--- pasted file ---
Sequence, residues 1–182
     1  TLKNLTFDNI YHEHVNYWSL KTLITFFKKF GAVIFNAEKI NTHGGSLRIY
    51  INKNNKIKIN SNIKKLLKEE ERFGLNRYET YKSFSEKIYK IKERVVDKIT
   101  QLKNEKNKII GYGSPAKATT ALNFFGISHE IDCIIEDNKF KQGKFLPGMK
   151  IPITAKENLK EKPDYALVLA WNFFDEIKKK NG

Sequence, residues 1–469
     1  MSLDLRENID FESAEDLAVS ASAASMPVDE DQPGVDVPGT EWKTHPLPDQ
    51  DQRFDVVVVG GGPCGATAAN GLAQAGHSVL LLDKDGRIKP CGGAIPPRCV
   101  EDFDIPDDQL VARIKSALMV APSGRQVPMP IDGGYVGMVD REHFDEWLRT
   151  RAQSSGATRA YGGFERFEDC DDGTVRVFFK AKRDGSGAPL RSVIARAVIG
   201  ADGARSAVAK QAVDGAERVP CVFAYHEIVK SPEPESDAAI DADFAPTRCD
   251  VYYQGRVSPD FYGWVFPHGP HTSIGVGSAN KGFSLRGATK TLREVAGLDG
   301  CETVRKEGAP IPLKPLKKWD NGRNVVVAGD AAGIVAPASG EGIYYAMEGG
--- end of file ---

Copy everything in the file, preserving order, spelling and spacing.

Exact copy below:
Sequence, residues 1–182
     1  TLKNLTFDNI YHEHVNYWSL KTLITFFKKF GAVIFNAEKI NTHGGSLRIY
    51  INKNNKIKIN SNIKKLLKEE ERFGLNRYET YKSFSEKIYK IKERVVDKIT
   101  QLKNEKNKII GYGSPAKATT ALNFFGISHE IDCIIEDNKF KQGKFLPGMK
   151  IPITAKENLK EKPDYALVLA WNFFDEIKKK NG

Sequence, residues 1–469
     1  MSLDLRENID FESAEDLAVS ASAASMPVDE DQPGVDVPGT EWKTHPLPDQ
    51  DQRFDVVVVG GGPCGATAAN GLAQAGHSVL LLDKDGRIKP CGGAIPPRCV
   101  EDFDIPDDQL VARIKSALMV APSGRQVPMP IDGGYVGMVD REHFDEWLRT
   151  RAQSSGATRA YGGFERFEDC DDGTVRVFFK AKRDGSGAPL RSVIARAVIG
   201  ADGARSAVAK QAVDGAERVP CVFAYHEIVK SPEPESDAAI DADFAPTRCD
   251  VYYQGRVSPD FYGWVFPHGP HTSIGVGSAN KGFSLRGATK TLREVAGLDG
   301  CETVRKEGAP IPLKPLKKWD NGRNVVVAGD AAGIVAPASG EGIYYAMEGG